A lot was happening that spring in 1906. To begin with, Eva and Adalbert Fenyes were on a railway journey across the United States and Canada. In early May, the Los Angeles Times announced their pending departure. “They will leave Pasadena Wednesday or Thursday and will first travel in the Southwest. From New Orleans they will tour many Southern States and then on to the north and east. They will return by Canada… Dr. Fenyes, during this delightful journey will pursue his entomological studies and expects to make a valuable collection which will probably be placed in the new Academy of Science which is to be opened in San Francisco at an early date.”¹ Eva and Adalbert boarded the train on Thursday, May 10th in “fog like mush,” hurriedly caught the Golden State Limited in Los Angeles, and set off on the delightful journey described by the Los Angeles Times.² They would not return to Pasadena until early September.
Meanwhile, H. L. Ellsworth and S. W. Upton of Ellsworth & Co.³ were about to begin construction of Fenyes Mansion. Architect Robert D. Farquhar of Los Angeles had prepared the plans, and the building permit for the estimated $20,000 project was about to be issued. Pasadena Daily News described the location, “The place is situated on the brow of the Orange Grove hill just where the avenue winds northward and there is one of the finest views of the mountains and the town of any obtainable on the boulevard.”⁴ Up to that point Eva had been closely involved in the mansion’s planning phase even questioning Farquhar’s design of the attic spaces, their adequacy for proper air circulation and practical access to water pipes and electrical conduits.⁵ But by early May, Eva was traveling farther and farther away from Pasadena and the construction site. Of necessity she would have to rely on her architect and building contractor to craft her vision of her beautiful home with the fine view. It would be four months before she returned home.⁶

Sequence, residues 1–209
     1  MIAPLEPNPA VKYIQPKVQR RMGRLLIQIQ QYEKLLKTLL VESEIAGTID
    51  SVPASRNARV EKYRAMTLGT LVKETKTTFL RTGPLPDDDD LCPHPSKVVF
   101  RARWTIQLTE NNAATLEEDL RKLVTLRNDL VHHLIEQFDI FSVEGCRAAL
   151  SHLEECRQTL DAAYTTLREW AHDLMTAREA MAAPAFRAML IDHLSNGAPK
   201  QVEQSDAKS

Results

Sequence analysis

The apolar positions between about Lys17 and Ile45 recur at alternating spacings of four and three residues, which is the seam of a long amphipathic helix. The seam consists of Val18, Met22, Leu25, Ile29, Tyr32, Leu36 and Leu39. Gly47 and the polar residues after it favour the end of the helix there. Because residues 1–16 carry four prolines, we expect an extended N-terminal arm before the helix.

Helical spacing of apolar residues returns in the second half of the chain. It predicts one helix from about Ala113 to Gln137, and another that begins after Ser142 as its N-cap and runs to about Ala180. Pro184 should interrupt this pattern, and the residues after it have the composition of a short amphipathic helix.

During those spring and summer months, while Adalbert was collecting Coleoptera: Staphylinidae: Gnathusa beetles⁷ and Ellsworth & Upton were building the Fenyes mansion, never idle, ever resourceful Eva Fenyes was painting her view from the train. Initially she thought of “…beginning a collection of sketches of different kinds of fences we shall see on our trip,”⁸ but her vision expanded. Shown here in chronological order are some of her very small “Train Sketches” or “Railway Sketches,” as she called them in her sketchbook, as well as several of the larger sketches she painted en plein air during the same journey.
¹ ”Long Journey Planned: Pasadena Man and Wife Will Take Tour to Gather Collections for New Academy of Science,” 7 May 1906, Los Angeles Times.
² Eva Fenyes diary, 10 May 1906, Eva Scott Fenyes, FCP.35.3, PMH.
³ Thurston’s Pasadena City Directory 1906-7. Listing: Ellsworth & Co. (H. L. Ellsworth and S. W. Upton), building contractors, 481 S. Broadway [Pasadena, California].
⁴ “New Home to Cost $20,000: Mrs. Fenyes Plans,” 1 May 1906, Pasadena Daily News.
⁵ Robert D. Farquhar to Eva Scott Fenyes, 3 April 1906, FCP.15.3, PMH.
⁶ Absent from the family papers is correspondence between Eva Fenyes and Robert Farquhar from April 3, 1906 to September 18, 1906.
⁷ Adalbert Fenyes’ beetle collection is listed on the Academy of Science Entomology Collection Highlights webpage, “…Staphylinidae (more than 150,000 specimens, including the important A. Fenyes collection…”
⁸ Eva Fenyes diary, 10 May 1906, FCP.35.3, PMH.